When implementing perception–action practice conditions, practitioners will be affecting an athlete’s preparation time and therefore changing the imposed demand. This becomes the ideological shift for practitioners on the purpose of perception–action practice. There is more evidence to understand that perception–action training affects the demands on the joint(s) than it being a method of perceptual–cognitive skill training that transfers to in situ performance. Therefore, practice conditions should be implemented using a task-constraint continuum with the source of information dictating the amount of time available to the athlete and consequently changing the imposed loading. A reduction to the “worst-case” scenario or no preparatory timing elicits high demands on the knee joint, building an athlete’s physical load tolerance if done systematically and progressively.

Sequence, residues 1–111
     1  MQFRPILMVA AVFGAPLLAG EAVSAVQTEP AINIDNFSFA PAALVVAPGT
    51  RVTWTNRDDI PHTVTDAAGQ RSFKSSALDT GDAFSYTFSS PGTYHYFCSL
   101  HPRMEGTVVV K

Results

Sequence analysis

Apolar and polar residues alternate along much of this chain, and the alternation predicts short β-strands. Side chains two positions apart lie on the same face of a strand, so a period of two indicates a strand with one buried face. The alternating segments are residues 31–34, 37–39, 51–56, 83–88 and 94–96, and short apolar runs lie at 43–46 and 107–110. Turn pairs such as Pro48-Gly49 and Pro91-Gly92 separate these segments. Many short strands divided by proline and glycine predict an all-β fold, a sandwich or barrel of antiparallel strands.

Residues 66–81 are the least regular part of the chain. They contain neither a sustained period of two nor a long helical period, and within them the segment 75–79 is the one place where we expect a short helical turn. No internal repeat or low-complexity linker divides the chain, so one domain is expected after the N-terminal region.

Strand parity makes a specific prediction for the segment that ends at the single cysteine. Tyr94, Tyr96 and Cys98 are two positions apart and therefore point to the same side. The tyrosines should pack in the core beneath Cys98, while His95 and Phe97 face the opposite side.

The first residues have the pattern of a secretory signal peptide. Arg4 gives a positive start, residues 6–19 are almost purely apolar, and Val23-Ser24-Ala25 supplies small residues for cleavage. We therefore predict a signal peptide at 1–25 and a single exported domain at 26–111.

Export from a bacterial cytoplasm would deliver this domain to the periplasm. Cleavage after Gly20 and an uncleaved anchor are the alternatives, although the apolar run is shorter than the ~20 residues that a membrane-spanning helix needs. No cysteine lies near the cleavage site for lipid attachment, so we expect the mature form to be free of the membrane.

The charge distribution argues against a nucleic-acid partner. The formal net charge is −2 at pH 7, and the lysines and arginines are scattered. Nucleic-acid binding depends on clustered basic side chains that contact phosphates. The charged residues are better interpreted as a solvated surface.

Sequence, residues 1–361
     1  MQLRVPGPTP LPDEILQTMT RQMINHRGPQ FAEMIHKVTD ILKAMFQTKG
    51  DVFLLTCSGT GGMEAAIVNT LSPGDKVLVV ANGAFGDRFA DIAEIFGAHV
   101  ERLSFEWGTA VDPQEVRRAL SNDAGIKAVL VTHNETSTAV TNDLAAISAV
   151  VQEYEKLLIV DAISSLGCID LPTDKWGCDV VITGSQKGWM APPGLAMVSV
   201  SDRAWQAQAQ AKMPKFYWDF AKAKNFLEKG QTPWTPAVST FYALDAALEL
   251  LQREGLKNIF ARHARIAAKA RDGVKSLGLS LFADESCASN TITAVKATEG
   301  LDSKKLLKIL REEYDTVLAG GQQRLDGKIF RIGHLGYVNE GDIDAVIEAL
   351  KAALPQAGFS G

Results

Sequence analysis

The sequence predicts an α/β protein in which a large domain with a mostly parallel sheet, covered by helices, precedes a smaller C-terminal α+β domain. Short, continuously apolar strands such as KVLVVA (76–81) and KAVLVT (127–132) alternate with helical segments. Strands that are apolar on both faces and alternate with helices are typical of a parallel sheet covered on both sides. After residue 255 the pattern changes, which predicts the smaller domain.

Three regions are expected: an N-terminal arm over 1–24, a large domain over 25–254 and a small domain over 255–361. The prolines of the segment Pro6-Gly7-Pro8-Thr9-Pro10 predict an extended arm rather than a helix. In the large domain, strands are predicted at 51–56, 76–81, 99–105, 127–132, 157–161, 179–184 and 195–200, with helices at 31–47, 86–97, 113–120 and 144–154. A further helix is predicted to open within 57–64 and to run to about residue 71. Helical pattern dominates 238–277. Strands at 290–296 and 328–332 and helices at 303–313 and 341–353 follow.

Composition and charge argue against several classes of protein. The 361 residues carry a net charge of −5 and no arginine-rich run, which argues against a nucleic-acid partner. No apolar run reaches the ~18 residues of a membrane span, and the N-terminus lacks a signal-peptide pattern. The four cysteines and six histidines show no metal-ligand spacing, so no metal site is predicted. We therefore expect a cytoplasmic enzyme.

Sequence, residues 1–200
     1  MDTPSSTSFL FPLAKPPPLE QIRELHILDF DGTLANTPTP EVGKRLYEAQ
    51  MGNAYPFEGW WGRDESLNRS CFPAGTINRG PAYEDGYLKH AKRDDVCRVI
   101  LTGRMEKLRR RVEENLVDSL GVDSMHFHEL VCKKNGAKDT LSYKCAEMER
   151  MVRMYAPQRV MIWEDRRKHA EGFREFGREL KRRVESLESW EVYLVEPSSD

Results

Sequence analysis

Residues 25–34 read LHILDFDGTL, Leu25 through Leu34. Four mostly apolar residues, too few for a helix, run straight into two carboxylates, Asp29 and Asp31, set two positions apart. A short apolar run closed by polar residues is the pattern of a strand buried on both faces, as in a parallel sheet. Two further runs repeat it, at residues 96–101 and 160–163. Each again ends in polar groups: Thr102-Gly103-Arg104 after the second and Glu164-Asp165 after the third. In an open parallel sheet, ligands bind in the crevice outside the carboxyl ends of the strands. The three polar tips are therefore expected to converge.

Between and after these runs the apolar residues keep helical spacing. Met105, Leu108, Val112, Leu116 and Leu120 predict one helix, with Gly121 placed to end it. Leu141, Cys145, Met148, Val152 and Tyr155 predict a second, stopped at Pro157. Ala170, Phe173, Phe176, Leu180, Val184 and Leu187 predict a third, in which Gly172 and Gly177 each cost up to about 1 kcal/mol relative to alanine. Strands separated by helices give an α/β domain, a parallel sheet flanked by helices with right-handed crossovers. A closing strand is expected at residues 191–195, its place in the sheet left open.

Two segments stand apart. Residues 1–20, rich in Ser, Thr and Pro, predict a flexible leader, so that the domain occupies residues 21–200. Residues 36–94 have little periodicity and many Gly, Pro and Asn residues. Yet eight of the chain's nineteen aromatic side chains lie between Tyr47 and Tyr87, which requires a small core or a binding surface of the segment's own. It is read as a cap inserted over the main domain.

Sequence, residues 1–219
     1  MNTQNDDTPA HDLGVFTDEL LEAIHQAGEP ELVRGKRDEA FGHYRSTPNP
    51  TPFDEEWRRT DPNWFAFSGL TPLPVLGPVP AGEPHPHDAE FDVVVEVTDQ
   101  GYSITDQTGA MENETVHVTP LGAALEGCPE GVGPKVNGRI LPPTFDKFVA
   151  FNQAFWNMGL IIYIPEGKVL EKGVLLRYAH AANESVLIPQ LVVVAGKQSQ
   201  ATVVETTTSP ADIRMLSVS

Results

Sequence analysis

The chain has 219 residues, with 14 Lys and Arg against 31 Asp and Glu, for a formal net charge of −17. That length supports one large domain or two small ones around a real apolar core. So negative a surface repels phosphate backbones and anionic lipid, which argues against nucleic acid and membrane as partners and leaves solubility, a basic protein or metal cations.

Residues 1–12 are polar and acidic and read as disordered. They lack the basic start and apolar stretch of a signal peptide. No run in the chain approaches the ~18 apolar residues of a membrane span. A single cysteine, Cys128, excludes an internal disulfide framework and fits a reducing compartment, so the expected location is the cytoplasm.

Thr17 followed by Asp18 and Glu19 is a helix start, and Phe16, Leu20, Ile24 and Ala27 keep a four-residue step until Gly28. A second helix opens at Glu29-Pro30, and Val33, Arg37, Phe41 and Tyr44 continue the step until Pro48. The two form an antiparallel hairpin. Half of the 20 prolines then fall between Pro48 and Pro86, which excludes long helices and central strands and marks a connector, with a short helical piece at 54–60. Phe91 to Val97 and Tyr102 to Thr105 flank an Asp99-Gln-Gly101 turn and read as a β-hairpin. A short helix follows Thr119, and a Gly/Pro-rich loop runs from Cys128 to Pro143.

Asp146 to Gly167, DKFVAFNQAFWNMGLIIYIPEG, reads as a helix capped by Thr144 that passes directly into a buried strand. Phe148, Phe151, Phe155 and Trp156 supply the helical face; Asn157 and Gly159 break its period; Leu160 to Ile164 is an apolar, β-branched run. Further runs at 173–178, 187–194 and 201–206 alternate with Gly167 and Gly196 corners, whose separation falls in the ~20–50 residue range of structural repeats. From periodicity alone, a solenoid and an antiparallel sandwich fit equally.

Availability of data and materials
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The authors wish to acknowledge Jake Cowin for his practical and theoretical insights.
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Additional file 1: Exemplary sidestep progression with increasing demands on the knee joint with and without the addition of spatiotemporal constraints.
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Kadlec, D., Miller-Dicks, M. & Nimphius, S. Training for “Worst-Case” Scenarios in Sidestepping: Unifying Strength and Conditioning and Perception–Action Approaches. Sports Med - Open 9, 22 (2023). https://doi.org/10.1186/s40798-023-00566-8